By any stretch of the imagination, I am not what could be described as an “old hand” at the art of observing our night skies. Far from it! I only purchased my first telescope in April of this year (2019). Neverthless, I’m not a complete newbie to the hobby – I’ve been interested in the cosmo since about the age of 10 when we covered the big band and formation of the solar system at primary school – gripping stuff(!) which I’m sure steered me in the direction of sci-fi and a career in IT. I’ve also soaked up documentaries about these subjects over the following decades.
The decision to take time out and stop working, meant the end of six a.m. starts and three hour commutes. Finally, I could stay up at night, peer down a telescope and still have a decent night’s sleep afterwards.
So the search was on for a telescope and a deep dive into the nocturnal world of the amateur astronomer.
Throughout my IT career, I’ve always documented the processes and methods for new tooling, systems, and methodologies I’ve had to introduce. It’s a hard habit to break, so in the same vein, here are a few of the sites I’ve found useful since taking my first faltering steps towards telescope ownership…
The YouTube videos below provide decent intros to getting started with astronomy. Furthermore, both Astronomy & Nature and Orion Telescopes have a significant back catalogue of videos that are worth trawling through to gain a better understanding of the various technical aspects of the hobby.
In these, you can lurk & learn, read and absorb, research what other owners of shortlisted equipment think of your prospective purchase(s). And, of course, you can post some questions of your own.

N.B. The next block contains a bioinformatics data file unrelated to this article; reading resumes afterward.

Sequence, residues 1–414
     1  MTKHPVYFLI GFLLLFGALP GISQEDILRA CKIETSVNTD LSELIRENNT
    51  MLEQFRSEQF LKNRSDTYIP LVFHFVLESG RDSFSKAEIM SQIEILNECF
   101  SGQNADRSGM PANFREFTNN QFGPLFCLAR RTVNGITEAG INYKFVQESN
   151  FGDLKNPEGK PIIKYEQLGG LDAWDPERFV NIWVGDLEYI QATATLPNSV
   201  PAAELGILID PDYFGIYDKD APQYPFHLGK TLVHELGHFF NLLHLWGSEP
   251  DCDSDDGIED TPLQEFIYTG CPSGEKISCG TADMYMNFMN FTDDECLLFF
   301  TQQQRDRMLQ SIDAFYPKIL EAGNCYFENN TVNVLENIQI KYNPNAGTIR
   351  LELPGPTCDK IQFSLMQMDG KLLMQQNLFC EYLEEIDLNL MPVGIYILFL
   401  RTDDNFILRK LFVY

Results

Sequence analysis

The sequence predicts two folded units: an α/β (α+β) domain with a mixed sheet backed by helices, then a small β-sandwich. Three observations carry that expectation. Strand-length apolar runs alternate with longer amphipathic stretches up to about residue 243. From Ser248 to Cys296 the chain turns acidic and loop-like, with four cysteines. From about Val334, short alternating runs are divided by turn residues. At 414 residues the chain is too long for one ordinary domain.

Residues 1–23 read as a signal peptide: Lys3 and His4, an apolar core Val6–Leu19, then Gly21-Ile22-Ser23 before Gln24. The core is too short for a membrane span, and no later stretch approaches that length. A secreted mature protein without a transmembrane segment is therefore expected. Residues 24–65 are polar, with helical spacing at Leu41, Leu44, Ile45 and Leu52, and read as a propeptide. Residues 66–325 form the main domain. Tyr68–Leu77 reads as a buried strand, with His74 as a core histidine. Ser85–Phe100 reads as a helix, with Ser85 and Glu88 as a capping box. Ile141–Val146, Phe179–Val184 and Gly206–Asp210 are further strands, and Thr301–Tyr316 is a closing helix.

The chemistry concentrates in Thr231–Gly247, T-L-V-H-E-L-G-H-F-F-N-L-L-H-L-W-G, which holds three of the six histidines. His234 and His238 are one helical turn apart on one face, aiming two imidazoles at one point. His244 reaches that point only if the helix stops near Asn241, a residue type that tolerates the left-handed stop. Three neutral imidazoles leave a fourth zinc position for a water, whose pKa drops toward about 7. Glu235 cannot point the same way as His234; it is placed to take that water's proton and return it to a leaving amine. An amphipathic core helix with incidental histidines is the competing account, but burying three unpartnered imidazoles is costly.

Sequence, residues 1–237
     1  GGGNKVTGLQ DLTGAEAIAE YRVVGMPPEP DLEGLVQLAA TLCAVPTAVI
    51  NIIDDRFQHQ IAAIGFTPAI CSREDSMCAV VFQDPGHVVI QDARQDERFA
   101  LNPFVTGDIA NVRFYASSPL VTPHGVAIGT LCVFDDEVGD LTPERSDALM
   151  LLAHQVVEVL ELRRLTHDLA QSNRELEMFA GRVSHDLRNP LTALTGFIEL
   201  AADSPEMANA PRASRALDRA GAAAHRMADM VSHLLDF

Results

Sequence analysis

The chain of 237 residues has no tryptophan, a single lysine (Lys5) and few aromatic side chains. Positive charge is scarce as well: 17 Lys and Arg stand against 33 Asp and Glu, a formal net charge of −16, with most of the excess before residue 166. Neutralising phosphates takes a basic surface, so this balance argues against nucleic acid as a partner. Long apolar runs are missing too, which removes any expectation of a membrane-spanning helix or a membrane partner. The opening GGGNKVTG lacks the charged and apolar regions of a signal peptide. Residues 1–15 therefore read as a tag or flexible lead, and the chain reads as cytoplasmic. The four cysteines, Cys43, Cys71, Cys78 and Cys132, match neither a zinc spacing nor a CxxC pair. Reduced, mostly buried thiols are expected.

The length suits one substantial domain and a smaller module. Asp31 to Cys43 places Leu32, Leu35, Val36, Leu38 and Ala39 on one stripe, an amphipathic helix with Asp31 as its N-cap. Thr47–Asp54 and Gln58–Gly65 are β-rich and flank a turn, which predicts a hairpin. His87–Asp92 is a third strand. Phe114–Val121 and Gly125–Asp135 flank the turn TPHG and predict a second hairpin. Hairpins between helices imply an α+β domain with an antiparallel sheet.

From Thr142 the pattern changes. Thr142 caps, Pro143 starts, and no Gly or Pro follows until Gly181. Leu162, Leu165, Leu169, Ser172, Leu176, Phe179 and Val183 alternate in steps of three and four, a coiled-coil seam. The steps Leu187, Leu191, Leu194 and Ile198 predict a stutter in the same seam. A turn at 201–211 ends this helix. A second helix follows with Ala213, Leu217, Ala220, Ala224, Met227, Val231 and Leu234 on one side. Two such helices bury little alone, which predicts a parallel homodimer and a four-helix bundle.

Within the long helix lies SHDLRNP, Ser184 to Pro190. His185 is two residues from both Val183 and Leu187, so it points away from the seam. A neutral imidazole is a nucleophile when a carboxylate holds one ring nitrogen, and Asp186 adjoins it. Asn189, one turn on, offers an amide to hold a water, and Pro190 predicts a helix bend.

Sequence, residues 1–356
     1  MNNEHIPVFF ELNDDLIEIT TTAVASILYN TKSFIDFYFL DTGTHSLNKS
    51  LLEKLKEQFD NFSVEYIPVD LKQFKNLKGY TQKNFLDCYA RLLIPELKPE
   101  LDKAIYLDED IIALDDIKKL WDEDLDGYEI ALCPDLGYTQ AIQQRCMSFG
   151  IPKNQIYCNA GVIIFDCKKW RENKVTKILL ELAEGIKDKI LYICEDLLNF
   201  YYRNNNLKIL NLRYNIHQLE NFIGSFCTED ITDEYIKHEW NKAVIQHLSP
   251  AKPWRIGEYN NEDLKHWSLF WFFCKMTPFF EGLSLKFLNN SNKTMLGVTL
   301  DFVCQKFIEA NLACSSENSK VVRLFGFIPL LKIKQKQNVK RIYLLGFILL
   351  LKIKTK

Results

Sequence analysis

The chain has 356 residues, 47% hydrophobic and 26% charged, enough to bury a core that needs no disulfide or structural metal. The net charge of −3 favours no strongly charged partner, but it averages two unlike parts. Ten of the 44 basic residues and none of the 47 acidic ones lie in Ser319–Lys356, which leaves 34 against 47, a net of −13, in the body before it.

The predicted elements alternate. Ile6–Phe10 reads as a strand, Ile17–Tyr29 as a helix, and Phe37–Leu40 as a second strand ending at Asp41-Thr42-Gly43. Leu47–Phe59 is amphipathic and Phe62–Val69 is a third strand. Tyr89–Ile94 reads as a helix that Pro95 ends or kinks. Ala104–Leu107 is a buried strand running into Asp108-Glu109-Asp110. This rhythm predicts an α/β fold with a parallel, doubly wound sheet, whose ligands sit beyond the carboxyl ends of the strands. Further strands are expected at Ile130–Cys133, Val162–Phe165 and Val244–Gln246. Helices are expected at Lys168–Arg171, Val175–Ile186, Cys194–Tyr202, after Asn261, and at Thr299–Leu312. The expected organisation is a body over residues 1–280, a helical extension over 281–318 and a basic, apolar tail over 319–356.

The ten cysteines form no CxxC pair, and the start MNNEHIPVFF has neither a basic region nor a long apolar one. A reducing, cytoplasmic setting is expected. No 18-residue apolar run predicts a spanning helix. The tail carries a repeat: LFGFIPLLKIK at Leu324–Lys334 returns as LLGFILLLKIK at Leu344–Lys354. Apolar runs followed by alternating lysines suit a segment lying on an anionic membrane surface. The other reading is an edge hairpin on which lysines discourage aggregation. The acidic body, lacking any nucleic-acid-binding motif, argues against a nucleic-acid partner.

Astronomy Now In terms of choice in the UK it’s a two horse race between this magazine and the Sky at Night. To begin with, I purchased both. I’ve since opted to subscribe to AN because I found the articles seemed to be pitched at a target audience which is more experienced/technically savvy.
Sky at Night Associated with the BBC’s long running series of the same name, I find that this magazine is pitched more at the complete beginner. Hint! Subscribe to their newsletter. This provides info each week on what to look forward to in the week ahead.
First Light Optics So far, I’ve used FLO exclusively for my astronomy related purchases thus far. This decision was driven by the sponsorship of the Stargazers Lounge forum, a couple of beginner’s pages, and a web site that was more readily accessible/usable compared to others.
Star chart A view of the heavens from your location
Cloud forecast AKA ClearOutside. What are the chances of getting out to observe celestial objects tonight and the evenings ahead ?? … probably very low here on the west coast of Scotland 🙁 If you’re daunted by the info provided, have a look at the How To Use guide.
Lookup coordinates Know you place! A fundamental piece of data is knowing where you are on the surface of the Earth. If you don’t know your longitude and latitude, this tool will help you.
In The Sky A great sight to visit for a summary of what can be observed at your location. Handily, icons readily indicate a 1 – 5 level of difficulty for observing the object:
four inch telescope
That’s enough for now to whet your appetite and get the ball rolling. In future posts I’ll blog about the books I purchased, software to use, the gear I’ve purchased thus far, and other resources that will expand your knowledge of the night sky.